Magazine article Screen International

China: Revolutionising Content

Magazine article Screen International

China: Revolutionising Content

Article excerpt

The three internet companies known collectively as BAT are having a major impact on the Chinese film industry. Liz Shackleton reports on what the major players are producing and why they want to sit across the entire value chain.

While China is transforming the global film business, there's a force within the country that is reshaping its internal film industry: the digital triumvirate of Baidu, Alibaba and Tencent.

Known collectively as BAT, these internet giants emerged from different corners of the digital universe - Baidu from search, Alibaba from ecommerce, and Tencent from its WeChat and QQ messaging platforms and online games - but all three are now diversifying away from their core businesses in an attempt to remain competitive. All three are also moving aggressively into film production.

Earlier this year, Alibaba bought out Hong Kong-listed film and TV producer China-Vision for $804m, later renaming it Alibaba Pictures and installing former China Film Group number two Zhang Qiang as CEO.

'We aim to act as a catalyst along each segment of the value chain'Allen Zhu, Youku Tudou and Heyi Film

A few months later, Baidu-owned streaming platform iQiyi announced the launch of iQiyi Motion Pictures, which plans to invest in eight films a year, starting with Jiang Wen's Gone With The Bullets; rival Youku Tudou, in which Alibaba owns a 16.5% stake, set up Heyi Film; and Tencent announced the launch of film production arm Movie Plus.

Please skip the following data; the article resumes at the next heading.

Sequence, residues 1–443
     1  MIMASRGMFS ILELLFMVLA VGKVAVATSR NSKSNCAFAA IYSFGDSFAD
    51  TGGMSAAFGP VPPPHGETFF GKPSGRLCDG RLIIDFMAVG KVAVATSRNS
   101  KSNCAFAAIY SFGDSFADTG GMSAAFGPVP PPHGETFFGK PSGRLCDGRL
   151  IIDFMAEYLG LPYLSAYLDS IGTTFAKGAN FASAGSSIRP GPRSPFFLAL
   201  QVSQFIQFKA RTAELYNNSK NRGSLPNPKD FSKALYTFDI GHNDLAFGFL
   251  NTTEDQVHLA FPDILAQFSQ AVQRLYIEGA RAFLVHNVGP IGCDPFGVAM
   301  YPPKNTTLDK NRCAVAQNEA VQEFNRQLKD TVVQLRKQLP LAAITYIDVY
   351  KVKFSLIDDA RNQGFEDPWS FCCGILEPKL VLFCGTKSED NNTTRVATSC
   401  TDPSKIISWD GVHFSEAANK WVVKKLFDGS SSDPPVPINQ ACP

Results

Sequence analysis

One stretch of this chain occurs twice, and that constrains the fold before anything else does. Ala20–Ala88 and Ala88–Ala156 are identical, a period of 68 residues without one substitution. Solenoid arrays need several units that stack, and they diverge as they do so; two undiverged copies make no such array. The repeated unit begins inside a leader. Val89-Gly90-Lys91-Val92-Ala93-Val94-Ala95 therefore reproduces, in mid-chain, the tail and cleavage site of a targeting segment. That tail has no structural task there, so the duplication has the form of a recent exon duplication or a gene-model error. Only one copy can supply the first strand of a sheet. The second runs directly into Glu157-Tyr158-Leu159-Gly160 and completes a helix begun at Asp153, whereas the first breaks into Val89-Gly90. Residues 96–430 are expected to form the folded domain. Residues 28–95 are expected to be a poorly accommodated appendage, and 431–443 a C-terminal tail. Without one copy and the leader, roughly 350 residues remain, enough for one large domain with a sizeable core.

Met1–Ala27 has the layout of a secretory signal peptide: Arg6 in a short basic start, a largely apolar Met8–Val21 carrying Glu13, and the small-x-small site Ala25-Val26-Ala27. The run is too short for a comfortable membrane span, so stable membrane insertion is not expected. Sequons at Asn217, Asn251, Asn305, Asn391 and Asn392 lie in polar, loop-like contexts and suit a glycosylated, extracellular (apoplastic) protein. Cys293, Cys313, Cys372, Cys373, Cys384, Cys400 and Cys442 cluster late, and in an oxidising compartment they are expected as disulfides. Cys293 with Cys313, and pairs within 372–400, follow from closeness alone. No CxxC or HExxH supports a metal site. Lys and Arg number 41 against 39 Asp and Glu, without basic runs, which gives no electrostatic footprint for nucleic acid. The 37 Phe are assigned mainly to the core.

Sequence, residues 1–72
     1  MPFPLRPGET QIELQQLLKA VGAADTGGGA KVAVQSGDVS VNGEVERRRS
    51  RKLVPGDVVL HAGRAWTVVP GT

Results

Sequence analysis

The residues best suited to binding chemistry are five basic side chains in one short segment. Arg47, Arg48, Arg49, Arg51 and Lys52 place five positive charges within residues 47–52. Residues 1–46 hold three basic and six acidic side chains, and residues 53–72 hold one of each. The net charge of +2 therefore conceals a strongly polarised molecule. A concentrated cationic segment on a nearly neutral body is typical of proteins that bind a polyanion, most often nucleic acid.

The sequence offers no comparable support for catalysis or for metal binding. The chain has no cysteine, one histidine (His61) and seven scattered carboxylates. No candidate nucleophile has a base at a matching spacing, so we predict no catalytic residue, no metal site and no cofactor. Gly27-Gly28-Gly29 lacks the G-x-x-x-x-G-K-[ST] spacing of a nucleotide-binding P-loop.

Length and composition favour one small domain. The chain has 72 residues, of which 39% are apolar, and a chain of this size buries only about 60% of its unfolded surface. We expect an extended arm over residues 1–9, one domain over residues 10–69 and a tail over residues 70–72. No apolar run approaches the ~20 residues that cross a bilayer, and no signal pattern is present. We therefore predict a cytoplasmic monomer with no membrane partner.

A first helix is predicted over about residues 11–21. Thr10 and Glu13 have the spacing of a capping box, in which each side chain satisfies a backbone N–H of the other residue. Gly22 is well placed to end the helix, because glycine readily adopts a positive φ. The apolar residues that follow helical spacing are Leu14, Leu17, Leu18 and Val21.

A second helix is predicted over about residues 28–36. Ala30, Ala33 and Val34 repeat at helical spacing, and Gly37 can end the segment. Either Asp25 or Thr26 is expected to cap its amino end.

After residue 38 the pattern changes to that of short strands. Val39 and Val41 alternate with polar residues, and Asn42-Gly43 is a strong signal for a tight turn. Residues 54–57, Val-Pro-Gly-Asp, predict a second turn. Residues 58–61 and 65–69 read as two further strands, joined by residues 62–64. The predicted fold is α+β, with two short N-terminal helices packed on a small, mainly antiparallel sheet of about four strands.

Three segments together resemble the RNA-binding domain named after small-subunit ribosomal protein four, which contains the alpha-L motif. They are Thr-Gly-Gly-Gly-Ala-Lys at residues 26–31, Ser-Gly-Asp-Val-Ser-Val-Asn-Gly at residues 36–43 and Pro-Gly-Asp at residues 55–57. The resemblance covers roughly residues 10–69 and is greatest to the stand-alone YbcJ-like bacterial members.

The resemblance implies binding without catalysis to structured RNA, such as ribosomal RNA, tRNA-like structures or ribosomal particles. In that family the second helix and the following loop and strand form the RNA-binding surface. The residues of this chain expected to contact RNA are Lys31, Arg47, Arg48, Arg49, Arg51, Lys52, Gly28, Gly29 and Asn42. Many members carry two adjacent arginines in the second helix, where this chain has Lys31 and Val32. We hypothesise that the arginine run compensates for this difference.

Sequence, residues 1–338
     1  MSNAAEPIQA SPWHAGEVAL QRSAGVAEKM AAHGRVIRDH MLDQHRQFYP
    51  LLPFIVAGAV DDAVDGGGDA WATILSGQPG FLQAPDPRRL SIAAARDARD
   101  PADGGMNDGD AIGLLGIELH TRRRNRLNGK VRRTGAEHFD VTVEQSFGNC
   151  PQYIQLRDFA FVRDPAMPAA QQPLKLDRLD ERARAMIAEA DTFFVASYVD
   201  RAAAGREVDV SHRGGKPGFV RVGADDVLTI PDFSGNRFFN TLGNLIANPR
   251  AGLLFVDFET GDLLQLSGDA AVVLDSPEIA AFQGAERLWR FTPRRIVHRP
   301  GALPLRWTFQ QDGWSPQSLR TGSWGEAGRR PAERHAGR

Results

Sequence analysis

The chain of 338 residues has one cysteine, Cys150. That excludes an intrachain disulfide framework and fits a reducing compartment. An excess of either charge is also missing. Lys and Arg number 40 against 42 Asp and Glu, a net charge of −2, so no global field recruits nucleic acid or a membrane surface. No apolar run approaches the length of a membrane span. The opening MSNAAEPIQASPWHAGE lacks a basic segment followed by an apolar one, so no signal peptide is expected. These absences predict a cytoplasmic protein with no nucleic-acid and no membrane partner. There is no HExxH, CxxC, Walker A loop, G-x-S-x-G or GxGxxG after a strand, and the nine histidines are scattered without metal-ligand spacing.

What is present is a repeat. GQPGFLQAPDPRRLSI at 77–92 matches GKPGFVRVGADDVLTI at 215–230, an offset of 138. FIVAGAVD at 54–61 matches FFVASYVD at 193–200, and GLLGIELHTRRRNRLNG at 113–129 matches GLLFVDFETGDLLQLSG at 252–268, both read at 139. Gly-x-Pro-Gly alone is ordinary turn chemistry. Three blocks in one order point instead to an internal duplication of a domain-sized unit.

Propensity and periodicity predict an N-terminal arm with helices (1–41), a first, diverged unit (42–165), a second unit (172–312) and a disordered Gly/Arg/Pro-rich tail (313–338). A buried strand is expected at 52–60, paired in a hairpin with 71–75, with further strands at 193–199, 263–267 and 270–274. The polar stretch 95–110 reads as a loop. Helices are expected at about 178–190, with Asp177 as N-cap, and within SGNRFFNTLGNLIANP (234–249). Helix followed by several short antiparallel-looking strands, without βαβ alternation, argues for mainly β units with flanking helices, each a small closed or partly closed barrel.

Alibaba's film plans hit a speed bump when it discovered "accounting irregularities" at ChinaVision following the acquisition, but has brought in PwC to sort out the issues and is pressing ahead on plans to work with talent such as Wong Kar Wai, Peter Ho-sun Chan and Taiwanese director Giddens Ko.

Most recently, the company said it would establish a joint venture with Hengdian World Studios, the huge facility just a few hours away from Alibaba's headquarters in Hangzhou. "We believe our collaboration will make us more competitive and help raise our game in terms of content innovation, investment, production and distribution," said Zhang Qiang, when announcing the deal.

These new outfits join Le Vision Pictures, the film affiliate of streaming platform LeTV, one of the first Chinese internet companies to see the value in moving upstream in the content value chain. Le Vision, which recently set up offices in Los Angeles, has produced films such as Zhang Yimou's Coming Home and teamed with Youku Tudou on Old Boys: The Way Of The Dragon, based on a short film that became an internet sensation.

Sohu, which also has a streaming platform, has so far been quiet on the production front, but recently acquired a 6.4% stake in Korean talent management company KeyEast.

The value of IP

Much like Netflix and its other US counterparts, these companies are using original content to attract subscribers and advertisers, scale back on high acquisition costs and achieve economies of scale. "If we have our own IP, we can use the same property to produce movies, TV series, animation and games," explains iQiyi founder and CEO Gong Yu.

These companies plan to work with traditional film studios while they learn the ropes, and eventually want to be involved in every part of the business. "We aim to act as a catalyst along each segment of the value chain," says Youku Tudou senior vice-president and Heyi Film CEO Allen Zhu. "As a newcomer in this space, we'll focus on script development, paying equal attention to those incubated on our platform and those from outside partners. We'll also focus on investment, marketing and product placement."

Most of these companies already excel in film promotion and marketing. Although they're streaming content through their online platforms, they also handle marketing and sell tickets for theatrical releases - all part of the much-touted online-to-offline (O2O) concept of using the internet to drive sales in physical outlets. …

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